On September 26, 2016, Governor Jerry Brown signed Senate Bill 1241, which addresses choice of law and choice of forum clauses in employment contracts. Simply put, some employers try to force workers to bring any claims they might have (for discrimination, failure to pay wages, etc.) in other states. The most aggressive seek to force workers to bring their claims in other countries. See, for example, Petersen v. Boeing Co. (9th Cir. 2013) 715 F.3d 276, in which the employer attempted to compel the plaintiff to litigate his claims in Saudi Arabia.
Choice of forum clauses are particularly burdensome for low wage workers. It is often a challenge for these workers to find an attorney to represent them, in part because their claims are generally thought to be worth less money. A choice of forum clause requiring a worker to litigate in another state renders it even more difficult to find an attorney willing to take the case.
Beginning on January 1, 2017, California workers will have an important tool to combat choice of forum clauses. The new Labor Code section 925 will prohibit employers from requiring employees who primarily reside and work in California to agree that they must bring employment-related claims outside of California, provided that the employees’ claims arise in California. Under section 925, such contractual provisions are voidable, and any dispute over them must be heard and decided in California. Additionally, section 925 provides for attorney’s fees to an employee who is enforcing rights under that section.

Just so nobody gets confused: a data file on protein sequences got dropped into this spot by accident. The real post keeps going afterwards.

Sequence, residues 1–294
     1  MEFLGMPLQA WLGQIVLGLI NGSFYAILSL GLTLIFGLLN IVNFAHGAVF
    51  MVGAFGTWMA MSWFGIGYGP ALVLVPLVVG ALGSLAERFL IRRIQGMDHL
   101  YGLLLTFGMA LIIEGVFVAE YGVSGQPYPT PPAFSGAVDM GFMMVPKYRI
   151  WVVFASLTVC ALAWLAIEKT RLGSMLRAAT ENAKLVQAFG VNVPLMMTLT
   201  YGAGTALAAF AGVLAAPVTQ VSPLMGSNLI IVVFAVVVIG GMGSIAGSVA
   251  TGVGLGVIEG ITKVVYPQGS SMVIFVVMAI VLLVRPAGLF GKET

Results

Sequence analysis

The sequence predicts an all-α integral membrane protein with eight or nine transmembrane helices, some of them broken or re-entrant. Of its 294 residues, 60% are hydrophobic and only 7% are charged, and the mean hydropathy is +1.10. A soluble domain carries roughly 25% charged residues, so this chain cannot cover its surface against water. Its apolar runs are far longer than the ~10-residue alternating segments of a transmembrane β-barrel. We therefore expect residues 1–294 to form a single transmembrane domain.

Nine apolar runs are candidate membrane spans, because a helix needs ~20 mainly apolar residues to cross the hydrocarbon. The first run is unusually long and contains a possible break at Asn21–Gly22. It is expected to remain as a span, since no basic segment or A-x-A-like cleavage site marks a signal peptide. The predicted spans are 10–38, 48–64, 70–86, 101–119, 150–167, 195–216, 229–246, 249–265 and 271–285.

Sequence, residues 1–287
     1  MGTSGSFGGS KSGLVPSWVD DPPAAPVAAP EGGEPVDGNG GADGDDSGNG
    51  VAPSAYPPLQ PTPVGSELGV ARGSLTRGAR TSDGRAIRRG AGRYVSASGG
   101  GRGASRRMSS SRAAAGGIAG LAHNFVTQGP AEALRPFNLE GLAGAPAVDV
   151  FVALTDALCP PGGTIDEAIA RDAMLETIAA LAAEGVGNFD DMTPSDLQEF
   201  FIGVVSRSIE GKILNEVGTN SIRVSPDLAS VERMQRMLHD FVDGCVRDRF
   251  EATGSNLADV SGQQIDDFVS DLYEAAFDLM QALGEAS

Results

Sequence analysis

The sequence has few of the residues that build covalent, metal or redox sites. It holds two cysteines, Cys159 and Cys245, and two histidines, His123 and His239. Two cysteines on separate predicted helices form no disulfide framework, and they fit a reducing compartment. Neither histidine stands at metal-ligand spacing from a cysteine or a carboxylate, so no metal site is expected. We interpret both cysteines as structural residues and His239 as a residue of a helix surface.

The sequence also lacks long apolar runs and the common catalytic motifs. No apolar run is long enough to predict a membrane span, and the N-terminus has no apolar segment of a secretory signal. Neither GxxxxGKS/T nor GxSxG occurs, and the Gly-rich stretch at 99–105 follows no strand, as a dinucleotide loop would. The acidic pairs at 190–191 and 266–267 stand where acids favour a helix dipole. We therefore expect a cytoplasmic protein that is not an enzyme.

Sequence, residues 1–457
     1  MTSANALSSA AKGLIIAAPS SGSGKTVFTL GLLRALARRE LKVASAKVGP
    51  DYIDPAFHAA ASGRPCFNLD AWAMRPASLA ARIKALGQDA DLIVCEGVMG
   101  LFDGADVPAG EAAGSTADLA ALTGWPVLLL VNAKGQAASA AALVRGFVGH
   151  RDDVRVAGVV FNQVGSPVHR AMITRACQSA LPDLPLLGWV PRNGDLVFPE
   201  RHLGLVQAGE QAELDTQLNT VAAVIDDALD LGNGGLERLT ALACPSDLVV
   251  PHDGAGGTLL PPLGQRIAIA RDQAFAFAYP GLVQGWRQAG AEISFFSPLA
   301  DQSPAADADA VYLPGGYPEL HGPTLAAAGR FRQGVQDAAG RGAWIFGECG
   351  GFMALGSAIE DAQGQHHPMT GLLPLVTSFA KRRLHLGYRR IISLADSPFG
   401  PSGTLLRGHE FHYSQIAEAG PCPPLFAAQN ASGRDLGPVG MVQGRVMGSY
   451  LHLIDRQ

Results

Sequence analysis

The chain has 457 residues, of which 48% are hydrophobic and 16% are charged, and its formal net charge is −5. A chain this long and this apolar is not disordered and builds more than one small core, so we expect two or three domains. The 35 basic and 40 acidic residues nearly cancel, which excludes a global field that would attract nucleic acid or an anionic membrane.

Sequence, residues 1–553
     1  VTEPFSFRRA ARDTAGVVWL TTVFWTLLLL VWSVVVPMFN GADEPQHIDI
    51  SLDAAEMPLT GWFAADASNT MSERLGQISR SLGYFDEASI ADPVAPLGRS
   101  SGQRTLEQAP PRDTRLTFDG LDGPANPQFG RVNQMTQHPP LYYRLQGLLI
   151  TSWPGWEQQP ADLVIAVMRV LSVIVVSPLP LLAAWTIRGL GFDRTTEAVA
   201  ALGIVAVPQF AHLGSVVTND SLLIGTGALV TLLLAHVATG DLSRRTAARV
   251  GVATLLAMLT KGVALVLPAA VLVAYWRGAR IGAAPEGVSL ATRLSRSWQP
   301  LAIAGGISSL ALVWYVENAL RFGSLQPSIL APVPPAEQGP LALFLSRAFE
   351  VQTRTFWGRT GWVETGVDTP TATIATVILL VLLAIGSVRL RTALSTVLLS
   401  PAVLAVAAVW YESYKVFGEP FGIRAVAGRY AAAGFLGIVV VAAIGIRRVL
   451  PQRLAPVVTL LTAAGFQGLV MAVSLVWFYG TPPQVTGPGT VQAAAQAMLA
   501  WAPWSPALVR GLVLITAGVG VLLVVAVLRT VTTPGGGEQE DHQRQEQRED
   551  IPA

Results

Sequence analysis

California law will therefore be much more favorable than federal law. For example, the US Supreme Court held in The Bremen v. Zapata Off-Shore Co. (1972) 407 U.S. 1 that forum selection clauses are presumptively valid unless both unreasonable and unjust under the circumstances unless:
- The inclusion of the clause was the product of fraud or neglect;
- The party wishing to repudiate the clause would be effectively deprived of his or her day in court; or
- Enforcement would contravene a strong public policy of the forum in which the suit is brought.
In Atlantic Marine Constr. Co. v. U.S. District Court (2013) __ U.S. __, 134 S.Ct. 568 the US Supreme Court held that The Bremen rule applies to all manner of contracts; that there is a heavy burden on the resisting party to show why the forum selection clause should be set aside; and that “private interests” do not count; only “public interest factors” count. Under the federal standard, few, if any, forum selection clauses are able to be set aside.
Section 925 will also prevent employers from using choice of law clauses to deprive California workers of the substantive protections of California law. In other words, employers will not be permitted to require that California employees agree to be bound by the law of another state or country where such laws deprive the employees of the rights that they have in California.
Prior to the enactment of section 925, under California law choice of law clauses were enforced unless either:
- The chosen state has no substantial relationship to the parties or the transaction and there is no other reasonable basis for the parties’ choice; or
- Application of the law of the chosen state would be contrary to a fundamental policy of a state which has a materially greater interest than the chosen state.
See Nedlloyd Lines B.V. v. Superior Court (1992) 3 Cal.4th 459. The new California protections are significantly broader, and should invalidate many more choice of law clauses. As a result, workers will be able to bring their claims in the state in which they live and work.
Finally, it should be noted that section 925 may not apply to contracts with employees who were represented by attorneys in negotiating the choice of law and choice of forum terms. See § 925(2)(e).